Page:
'THE MAN BEHIND THE MASK' - from NME, October 13, 1973 - PETER GABRIEL OF GENESIS TALKS TO BARBARA CHARONE.
"People think we ripped off Yes and Alice Cooper - and of course that is what happened."
THE MUSIC world rarely awakens before noon, but I met Peter Gabriel at the unlikely hour of 9.30 a.m. Genesis, having finished their 'Selling England By The Pound' album, were rehearsing the new show. The man was looking veary-eyed as he ate buttered toast and sipped a coffee - the living proof that rock is all late-night rave-ups.
Off-stage, Gabriel is unassuming, rather slow at opening up in conversation, and a far cry from the figure who runs rampant in bizarre gear
But anyway, what exactly have the conquerers of Epping Forest been up to in preparation for the new act?
He thinks for a moment and gives with a schnide smile "I've been having conversations with my mask maker. I gave him a copy of the lyrics to the new album ... I've found it helps to go over the words with him, trying to get pictures from the words, conceptions of characters.
"We've also have a guy working for us on stage designs. We explain what effects we'd like, with lighting and all.
On this tour we'll be using a screen for backdrop projections. All these things," he stresses, "help to create the fantasy we work under."
Character is a word that crops up often in a conversation with Gabriel. The theatrical comparison is obvious, and always apparent on stage.
"My part has been to conceive all the characters and masks I can from a piece. The visuals are really just an adaptation of something that's already been written, and recently I've been trying things out with new characters.
"The visuals did begin out of necessity," he agrees. "With gaps in the playing the door was left open to me. At first I used to improvise completely - which I don't do now.
"When the visuals work, they set up pictures in the mind. That way someone can enter the music more receptivily.
But visuals can only succeed if the music is just as satisfying. It's actually a means to an end.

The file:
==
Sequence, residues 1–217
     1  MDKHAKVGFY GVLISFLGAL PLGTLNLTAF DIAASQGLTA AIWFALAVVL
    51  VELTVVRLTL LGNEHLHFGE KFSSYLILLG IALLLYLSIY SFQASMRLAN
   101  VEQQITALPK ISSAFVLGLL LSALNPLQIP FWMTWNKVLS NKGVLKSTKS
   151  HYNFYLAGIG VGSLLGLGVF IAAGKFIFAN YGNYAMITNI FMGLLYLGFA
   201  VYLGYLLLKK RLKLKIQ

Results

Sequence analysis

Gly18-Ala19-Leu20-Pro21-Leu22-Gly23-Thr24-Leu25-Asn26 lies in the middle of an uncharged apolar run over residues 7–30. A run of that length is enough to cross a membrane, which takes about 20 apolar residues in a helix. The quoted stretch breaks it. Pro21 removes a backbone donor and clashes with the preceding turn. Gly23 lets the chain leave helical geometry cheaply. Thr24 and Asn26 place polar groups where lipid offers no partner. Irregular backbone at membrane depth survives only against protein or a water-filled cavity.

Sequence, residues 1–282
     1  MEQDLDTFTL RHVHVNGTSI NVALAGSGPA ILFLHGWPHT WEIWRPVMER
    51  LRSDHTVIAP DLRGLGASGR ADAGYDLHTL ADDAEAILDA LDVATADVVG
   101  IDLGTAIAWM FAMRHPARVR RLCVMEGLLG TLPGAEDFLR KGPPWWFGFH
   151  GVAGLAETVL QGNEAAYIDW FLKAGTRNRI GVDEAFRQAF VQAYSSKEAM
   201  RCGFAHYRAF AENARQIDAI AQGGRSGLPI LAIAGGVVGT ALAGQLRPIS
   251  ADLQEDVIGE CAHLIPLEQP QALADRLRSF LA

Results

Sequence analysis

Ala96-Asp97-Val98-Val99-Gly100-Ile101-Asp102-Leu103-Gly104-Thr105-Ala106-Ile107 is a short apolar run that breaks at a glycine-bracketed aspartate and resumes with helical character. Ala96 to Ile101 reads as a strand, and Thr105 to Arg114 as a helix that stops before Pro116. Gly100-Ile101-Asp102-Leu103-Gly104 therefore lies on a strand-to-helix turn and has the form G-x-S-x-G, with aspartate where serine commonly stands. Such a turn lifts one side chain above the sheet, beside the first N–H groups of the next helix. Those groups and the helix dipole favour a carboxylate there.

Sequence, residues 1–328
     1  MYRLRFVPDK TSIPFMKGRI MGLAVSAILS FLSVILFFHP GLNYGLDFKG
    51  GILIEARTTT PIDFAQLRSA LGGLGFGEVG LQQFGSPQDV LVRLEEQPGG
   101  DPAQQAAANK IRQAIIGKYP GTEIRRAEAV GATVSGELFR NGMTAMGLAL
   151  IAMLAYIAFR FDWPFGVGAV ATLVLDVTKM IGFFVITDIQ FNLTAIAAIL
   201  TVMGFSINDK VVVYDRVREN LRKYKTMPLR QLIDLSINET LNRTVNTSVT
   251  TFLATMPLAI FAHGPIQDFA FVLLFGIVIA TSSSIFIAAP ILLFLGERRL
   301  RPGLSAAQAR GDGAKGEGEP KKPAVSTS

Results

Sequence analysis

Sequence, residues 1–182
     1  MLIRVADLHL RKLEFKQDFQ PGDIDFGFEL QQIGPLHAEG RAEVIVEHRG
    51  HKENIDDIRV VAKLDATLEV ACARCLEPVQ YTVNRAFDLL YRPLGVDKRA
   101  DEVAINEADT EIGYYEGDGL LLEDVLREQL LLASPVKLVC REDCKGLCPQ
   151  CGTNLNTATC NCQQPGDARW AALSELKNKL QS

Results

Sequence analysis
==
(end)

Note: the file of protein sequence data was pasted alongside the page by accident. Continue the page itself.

"The only reason we're up on a stage is to communicate to people, to entertain, and you're better able to do that with movement. So whatever we can get our hands on, we'll use."
That, my friends, includes pyramids, flowers, fox masks and other image-oriented objects.
Since the band is a five piece with five very separate opinions, I wondered how Gabriel convinced the others of his stage ideas. Or did he simply show up one day in his flower regalia?
"Actually," says Gabriel with a smile, "that's exactly what happened."
Gabriel believes that one day film, music and theatre will merge. Already they're moving closer together in a working partnership, and he offers the Red Budha Theatre as proof. Genesis, who incorporate a bit of several mediums in their stage show, hope to one day operate from their own inflatable theatre.
Says Gabriel: "In this portable theatre there'd be various textures. At the theatre's entrance you'd go through a selection of things happening - which would set your mind thinking in a fantasy situation. The whole experience wouldn't relate to anything you've known before.
"The fantasy would stay with the audience from the moment they entered the theatre until they went home. During the entire two or three hours of the show a complete fantasy would be going on all around. Then people could relate all the time, being all insular and vulnerable."
Genesis obviously differ from the dressed-up 12-bar that most bands unravel. And because of these very differences, the band have been slated over over their motives.
Gabriel says: "I think some people have a rip-off concept of us, which goes something like this: they see us as a band who were sitting around doing nothing, and who looked at who was pulling in the money in the music market, so they think we ripped off Yes's music, Alice Cooper's visuals, and we came up with Genesis.
"And of course," Gabriel both laughs and sighs, "that's how it happened.
"And just because I was dressing up, people assumed I was imitating Bowie. But the thing is, the characters I play are things talked about in the lyrics, and they do occur. Bowie's a great writer, but I don't always think his costumes are relevant to his music.
"Visuals should provide some images that sink into the music, so if you're listening at home you've still got traces of the characters floating around."
Onstage, there's something almost hypnotic in the way Peter Gabriel addresses an audience. Does he believe Genesis make people feel uncomfortable?
"Great if we do ... I like to disturb the audience a bit and then bring them into our world."
Typed up by Thomas Holter, from a copy of another article in the archives of Jeff Kaa.